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You can make a command to typset quotation marks correctly without installing any packages. Add the following to your preamble: \renewcommand{\quote}[1]{#1''} and then simply type your in-text quote in place of <text> in the following \quote{<text>} Therefore, your document code should look like \documentclass{article} ...

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The packages MinionPro and MyriadPro from FontPro can be used together. By default, the math font is not changed by MyriadPro. With the sansmath option, the sans serif of \mathsf is adjusted and an additional math version is defined to allow two math fonts with matching math symbols in one document (see the documentation for that). Thus, the code ...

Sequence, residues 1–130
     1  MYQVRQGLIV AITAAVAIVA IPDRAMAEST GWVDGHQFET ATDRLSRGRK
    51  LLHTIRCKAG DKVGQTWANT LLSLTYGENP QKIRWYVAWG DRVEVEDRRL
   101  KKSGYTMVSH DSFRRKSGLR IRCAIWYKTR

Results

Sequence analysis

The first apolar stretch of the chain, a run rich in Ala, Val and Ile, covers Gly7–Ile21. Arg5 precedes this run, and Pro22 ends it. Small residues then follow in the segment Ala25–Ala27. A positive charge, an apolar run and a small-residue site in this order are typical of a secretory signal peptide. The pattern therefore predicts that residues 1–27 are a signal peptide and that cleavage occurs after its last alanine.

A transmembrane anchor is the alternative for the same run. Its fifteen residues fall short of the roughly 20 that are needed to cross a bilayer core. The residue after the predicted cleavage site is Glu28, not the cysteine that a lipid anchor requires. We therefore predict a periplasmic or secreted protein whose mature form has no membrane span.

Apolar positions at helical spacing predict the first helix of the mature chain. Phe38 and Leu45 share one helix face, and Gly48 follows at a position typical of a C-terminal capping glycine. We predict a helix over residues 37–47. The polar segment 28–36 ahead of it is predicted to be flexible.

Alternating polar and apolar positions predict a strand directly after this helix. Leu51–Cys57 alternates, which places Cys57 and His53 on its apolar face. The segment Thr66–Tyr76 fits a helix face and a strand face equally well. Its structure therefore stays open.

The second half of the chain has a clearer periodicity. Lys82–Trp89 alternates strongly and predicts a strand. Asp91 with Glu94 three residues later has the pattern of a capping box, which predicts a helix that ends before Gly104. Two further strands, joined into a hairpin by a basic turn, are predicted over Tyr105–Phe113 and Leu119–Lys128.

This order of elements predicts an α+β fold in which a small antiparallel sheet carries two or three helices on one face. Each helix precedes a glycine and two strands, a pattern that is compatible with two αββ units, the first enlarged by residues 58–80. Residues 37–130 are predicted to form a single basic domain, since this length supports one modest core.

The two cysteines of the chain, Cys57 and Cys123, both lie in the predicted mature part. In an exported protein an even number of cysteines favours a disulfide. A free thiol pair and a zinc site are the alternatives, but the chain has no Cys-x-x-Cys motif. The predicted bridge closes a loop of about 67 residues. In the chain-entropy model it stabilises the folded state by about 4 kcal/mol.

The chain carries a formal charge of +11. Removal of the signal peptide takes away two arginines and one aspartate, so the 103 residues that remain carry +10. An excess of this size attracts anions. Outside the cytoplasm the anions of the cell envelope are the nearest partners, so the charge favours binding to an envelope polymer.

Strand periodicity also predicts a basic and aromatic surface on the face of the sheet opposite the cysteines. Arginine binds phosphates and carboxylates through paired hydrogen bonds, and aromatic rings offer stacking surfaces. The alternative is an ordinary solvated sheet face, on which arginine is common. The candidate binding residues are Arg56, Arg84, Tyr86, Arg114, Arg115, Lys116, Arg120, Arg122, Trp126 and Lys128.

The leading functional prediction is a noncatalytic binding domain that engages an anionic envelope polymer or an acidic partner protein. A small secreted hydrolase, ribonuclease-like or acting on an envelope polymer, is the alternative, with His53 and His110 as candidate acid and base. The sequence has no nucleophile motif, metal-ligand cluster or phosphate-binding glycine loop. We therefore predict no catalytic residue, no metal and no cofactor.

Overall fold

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\cite{reference1,reference2} should do the trick

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Activate the hyphen in the coqdoccode environment, defining it as a hyphen followed by a zero kern. \documentclass{article} \usepackage[T1]{fontenc} \newcommand{\activatehyphen}{% \begingroup\lccode~=- \lowercase{\endgroup\def~}{\char\-\kern0pt }% \catcode\-=\active } \newenvironment{coqdoccode} {\flushleft\activatehyphen\ttfamily} ...

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I'm only answering to get the question from the "unanswered queue". Personally I don't think that it is a good idea to overload ascii chars like this. There are too much potential places (e.g. the bib-file) where the char needs to have the "other" meaning. I myself use \MakeAutoQuote{«}{»} together with a sensible shortcut in my editor to put the quotes ...

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